If your image already has a solidly colored background, do not apply a transparency mask and instead simply paint on the above layer and set its mode to Color HSV.
A common request is a 'mashup' of multiple images, like a photo and a render of an anime character. Alternatively, you may find yourself in need of a background like a sky or a beach and be entirely unwilling to paint it from scratch. Obviously, this is as simple as putting your layers in the correct order, so I won't cover the process - instead I will offer a few tips to make the images work as well as possible together.
If you have multiple options or just a request ("Put her in a library pls") pick an image where the lighting, saturation, and mood match as well as possible. Color (hue) is less important, but try and match it too. You can adjust the color balance of either layer after the fact more easily than you can correct the direction of the lighting.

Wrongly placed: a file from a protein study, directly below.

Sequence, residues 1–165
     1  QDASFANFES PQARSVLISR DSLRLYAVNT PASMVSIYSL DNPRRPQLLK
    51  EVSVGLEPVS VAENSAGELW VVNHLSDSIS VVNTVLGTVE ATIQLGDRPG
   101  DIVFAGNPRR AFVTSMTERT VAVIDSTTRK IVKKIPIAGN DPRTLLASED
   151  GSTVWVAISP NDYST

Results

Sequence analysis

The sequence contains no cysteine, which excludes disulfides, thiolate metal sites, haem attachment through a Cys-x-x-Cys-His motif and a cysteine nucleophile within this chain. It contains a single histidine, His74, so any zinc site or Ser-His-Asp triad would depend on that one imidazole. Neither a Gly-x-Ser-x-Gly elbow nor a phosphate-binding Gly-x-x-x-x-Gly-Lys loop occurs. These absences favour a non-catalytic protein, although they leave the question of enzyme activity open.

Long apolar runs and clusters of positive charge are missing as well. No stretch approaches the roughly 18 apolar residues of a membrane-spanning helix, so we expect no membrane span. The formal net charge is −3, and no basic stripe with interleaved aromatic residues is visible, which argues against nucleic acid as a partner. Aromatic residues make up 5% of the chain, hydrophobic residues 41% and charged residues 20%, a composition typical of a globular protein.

Make sure to at least add a drop shadow and ambient occlusion of some sort below your subject. This can just be done with an airbrush on a layer between the background and subject set to overlay. Remember that the color of shadows is the ambient color of the image - or just use the color picker and find a shadow in the image.
I recommend painting some color into the shadows of the subject to match the image as well, as well as giving the highlights some of the image's dominant light colors.
Photographs have noise, paintings often do not. GMIC has an excellent filter to simulate film grain, but there's another method;
Create a layer colored 50% gray, convert to noise, desaturate, then set it to soft light.